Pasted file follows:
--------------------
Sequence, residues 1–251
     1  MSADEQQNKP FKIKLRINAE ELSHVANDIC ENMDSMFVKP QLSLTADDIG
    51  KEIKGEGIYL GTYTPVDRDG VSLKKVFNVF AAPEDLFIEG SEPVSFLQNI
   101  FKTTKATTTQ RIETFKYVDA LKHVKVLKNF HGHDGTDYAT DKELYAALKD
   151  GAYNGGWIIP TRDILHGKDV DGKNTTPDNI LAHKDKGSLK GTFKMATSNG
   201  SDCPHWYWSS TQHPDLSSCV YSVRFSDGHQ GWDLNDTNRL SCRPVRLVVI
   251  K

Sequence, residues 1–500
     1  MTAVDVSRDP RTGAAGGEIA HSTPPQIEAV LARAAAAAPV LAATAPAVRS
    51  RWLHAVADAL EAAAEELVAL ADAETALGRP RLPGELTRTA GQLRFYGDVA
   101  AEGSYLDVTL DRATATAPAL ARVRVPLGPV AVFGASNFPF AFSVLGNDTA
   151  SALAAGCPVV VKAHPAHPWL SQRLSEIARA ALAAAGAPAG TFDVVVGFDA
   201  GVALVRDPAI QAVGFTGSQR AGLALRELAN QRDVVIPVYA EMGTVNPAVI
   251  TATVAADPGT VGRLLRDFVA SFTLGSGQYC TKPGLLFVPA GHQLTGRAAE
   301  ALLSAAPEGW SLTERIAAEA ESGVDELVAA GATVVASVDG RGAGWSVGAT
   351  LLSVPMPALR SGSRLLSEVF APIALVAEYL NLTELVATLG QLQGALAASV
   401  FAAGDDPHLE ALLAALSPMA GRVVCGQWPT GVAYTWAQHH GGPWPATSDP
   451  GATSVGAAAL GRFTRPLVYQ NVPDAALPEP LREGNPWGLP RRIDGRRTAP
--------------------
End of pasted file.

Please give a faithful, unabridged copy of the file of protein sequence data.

Sequence, residues 1–251
     1  MSADEQQNKP FKIKLRINAE ELSHVANDIC ENMDSMFVKP QLSLTADDIG
    51  KEIKGEGIYL GTYTPVDRDG VSLKKVFNVF AAPEDLFIEG SEPVSFLQNI
   101  FKTTKATTTQ RIETFKYVDA LKHVKVLKNF HGHDGTDYAT DKELYAALKD
   151  GAYNGGWIIP TRDILHGKDV DGKNTTPDNI LAHKDKGSLK GTFKMATSNG
   201  SDCPHWYWSS TQHPDLSSCV YSVRFSDGHQ GWDLNDTNRL SCRPVRLVVI
   251  K

Sequence, residues 1–500
     1  MTAVDVSRDP RTGAAGGEIA HSTPPQIEAV LARAAAAAPV LAATAPAVRS
    51  RWLHAVADAL EAAAEELVAL ADAETALGRP RLPGELTRTA GQLRFYGDVA
   101  AEGSYLDVTL DRATATAPAL ARVRVPLGPV AVFGASNFPF AFSVLGNDTA
   151  SALAAGCPVV VKAHPAHPWL SQRLSEIARA ALAAAGAPAG TFDVVVGFDA
   201  GVALVRDPAI QAVGFTGSQR AGLALRELAN QRDVVIPVYA EMGTVNPAVI
   251  TATVAADPGT VGRLLRDFVA SFTLGSGQYC TKPGLLFVPA GHQLTGRAAE
   301  ALLSAAPEGW SLTERIAAEA ESGVDELVAA GATVVASVDG RGAGWSVGAT
   351  LLSVPMPALR SGSRLLSEVF APIALVAEYL NLTELVATLG QLQGALAASV
   401  FAAGDDPHLE ALLAALSPMA GRVVCGQWPT GVAYTWAQHH GGPWPATSDP
   451  GATSVGAAAL GRFTRPLVYQ NVPDAALPEP LREGNPWGLP RRIDGRRTAP